Loose Cannon: Issue #16

Fri, April 27th, 2001 at 12:00am PDT

Comic Books
Larry Young, Columnist

THE FIFTH TASTE

After the four tastes of sweet, sour, bitter, and salt, there is a fifth taste.

Hypothesized, postulated, tested, and then finally verified in 1905, this fifth taste is called "umami."

Umami is why a frosty Corona tastes better with a wedge of lemon stuck in the bottle. Umami is why a shot of whisky hits the spot even when you're bandaging your skinned knee and bemoaning the loss of your favorite pants in somebody else's bathroom. Umami is that sprig of mint, that dash of cinnamon, that icing on the cake.

It is that quality of deliciousness that makes things just... well... better.

I've been going to comic book conventions since I first made my poor parents drive me from our home in rural Vermont to Albany, New York, for FantaCon '79.

I've gone to at least two shows a year since then (many more per year when I was in college), and you have to admit that that's a lot of comic book conventions to go to in those 22 years.

The last six years or so, I've been attending cons with a professional eye. This puts a bit of a different spin on things. I never attend panels anymore, unless I'm on one, as I'm usually manning the AiT/Planet Lar booth. If I get to walk the floor at all, it's usually because I'm taking the long way back from the bathroom.

I'm not complaining, exactly; it's just that some of the fanboy fun I used to have, trying to find that copy of Marvel's Star Wars #53 I had a letter in, or finally finishing my Miller Daredevil run, or watching Moebius draw Arzach on a backing board in less than ten seconds...

...well, I don't get to do those sorts of things much anymore.

In talking over the matter with AiT/Planet Lar co-publisher Mimi Rosenheim, we decided that what our con experience needed was a dash of umami...

...so we decided to forgo a booth at WonderCon and walk the floor as fans of the artform we love. Just a little sorbet to clear the palate.

Our publishing house still had a presence thanks to my good pal Rory Root, proprietor of one of the best comic book stores in the country, Comic Relief. Rory stocked all of our trades, and made a place for Sky Ape writer Phila Amara, Double Image's "The Bod" artist John Heebink, and me, to sign autographs. Rory, and his able lieutenants Tyler and Eul, really helped me enjoy the show by giving us a base of operations without the added stress of manning a booth of our own.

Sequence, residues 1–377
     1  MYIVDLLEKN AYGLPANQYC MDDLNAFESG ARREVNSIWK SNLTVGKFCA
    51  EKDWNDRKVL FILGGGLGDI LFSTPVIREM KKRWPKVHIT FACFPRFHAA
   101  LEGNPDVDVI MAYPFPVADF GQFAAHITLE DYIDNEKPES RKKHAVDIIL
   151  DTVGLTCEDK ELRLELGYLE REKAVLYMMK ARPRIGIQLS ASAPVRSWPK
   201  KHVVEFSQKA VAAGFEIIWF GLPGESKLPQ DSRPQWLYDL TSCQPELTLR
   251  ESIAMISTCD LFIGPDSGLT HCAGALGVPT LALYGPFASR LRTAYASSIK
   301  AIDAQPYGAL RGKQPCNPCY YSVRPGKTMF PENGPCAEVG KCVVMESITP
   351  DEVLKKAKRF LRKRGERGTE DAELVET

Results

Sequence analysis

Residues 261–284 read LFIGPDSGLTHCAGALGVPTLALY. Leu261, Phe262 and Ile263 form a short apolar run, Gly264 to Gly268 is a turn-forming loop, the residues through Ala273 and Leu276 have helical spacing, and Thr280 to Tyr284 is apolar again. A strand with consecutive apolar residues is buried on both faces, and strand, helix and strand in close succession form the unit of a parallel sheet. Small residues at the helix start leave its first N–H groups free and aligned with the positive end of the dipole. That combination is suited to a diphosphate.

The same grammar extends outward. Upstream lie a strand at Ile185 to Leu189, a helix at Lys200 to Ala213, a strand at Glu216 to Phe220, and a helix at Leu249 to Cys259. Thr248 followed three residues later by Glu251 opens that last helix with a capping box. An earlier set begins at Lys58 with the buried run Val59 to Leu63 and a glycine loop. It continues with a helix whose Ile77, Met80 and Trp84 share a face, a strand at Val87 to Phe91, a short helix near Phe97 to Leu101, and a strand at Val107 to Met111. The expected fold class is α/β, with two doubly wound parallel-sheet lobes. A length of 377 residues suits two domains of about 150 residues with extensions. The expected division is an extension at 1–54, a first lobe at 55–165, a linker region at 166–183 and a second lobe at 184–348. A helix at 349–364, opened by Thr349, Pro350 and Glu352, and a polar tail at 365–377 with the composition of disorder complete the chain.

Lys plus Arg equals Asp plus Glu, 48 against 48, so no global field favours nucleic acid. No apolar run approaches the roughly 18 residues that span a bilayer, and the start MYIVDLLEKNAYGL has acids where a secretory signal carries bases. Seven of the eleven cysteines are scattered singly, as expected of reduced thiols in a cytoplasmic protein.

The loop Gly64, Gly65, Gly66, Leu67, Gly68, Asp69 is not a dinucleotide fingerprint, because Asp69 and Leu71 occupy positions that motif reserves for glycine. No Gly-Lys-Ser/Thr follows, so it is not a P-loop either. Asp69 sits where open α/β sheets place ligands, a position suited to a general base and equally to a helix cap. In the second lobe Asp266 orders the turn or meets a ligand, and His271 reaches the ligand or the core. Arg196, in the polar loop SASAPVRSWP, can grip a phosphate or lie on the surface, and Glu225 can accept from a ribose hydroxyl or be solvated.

If anyone else is getting a little jaded with comics, I suggest talking to Rory if you want to get your groove back. He's been at it longer than most and he hasn't lost his enthusiasm.

[Electric Girl]Another guy who hasn't been at it for as long as Rory, but who has enthusiasm to spare, is comic book dynamo Mike Brennan. Mike is the writer-artist-designer-publisher of Electric Girl, and lately he's been everywhere.

Mike's marketing has been such that you are probably aware that there is a comic called Electric Girl, but that's probably about it. Unless you live near a particularly good shop, chances are you don't know that there're six issues and a fat trade paperback featuring her adventures available.

Mike saw the lay of the comics landscape and instead of taking his ball and going home, he decided to do something about it.

If you check out comic book news sites on the Internet, you've probably seen one of Mike's banner ads. If you're a retailer, you've probably received one of Mike's genius flyers which tease Electric Girl #7 as well as provide the STAR code for ordering his trade paperback. You may have seen his display ads in Comic Book Retailer or Comics Buyers' Guide for the book.

You may have heard that Mike's been nominated for an Eisner in the "Talent Deserving of Wider Recognition" category, and he's got my vote, I can tell you that.

But you may have never seen a copy of Electric Girl.

If you're getting a little jaded with comics, and you're tired of hearing about the latest non-starter from one of the "big" companies, or you're thinking about giving up the superheroes because "there's nothing good to read anymore"; if you're just looking for a piece of entertainment that's innocent and fun without being sappy and cloying, or if you're just looking to add a little umami to your comics habit, make another mark on your pre-order form because you've been using the excellent www.orderingcomics.com, right, and pick up the adventures of a teen with electric powers, the gremlin who causes her trouble, and her dog Blammo.

And when Brennan gets his Eisner, and signs that lucrative animation deal, and Blammo blimps hover over major sporting events, you can tell your friends about the fifth taste.

And how somebody somewhere is still making comic books that just make the whole thing worthwhile.

Mail about this column can be sent to larry@comicbookresources.com, but I hope it's nothing of an emergency nature, because I probably won't get to it until I get back from Pittsburgh.

In the meantime, make sure to tell us all, over at the Loose Cannon Message Board which one of your favorite books needs to be read by more folks, or what sort of thing you miss doing from your childhood.

If you're reading this on Friday, or any time this weekend, chances are I'm getting into more trouble at the Pittsburgh Comic-Con in Monroeville, Pennsylvania. I'll be hanging out at the New Dimension Comics enclave, so come by and say hey.

More info on the convention is available here.

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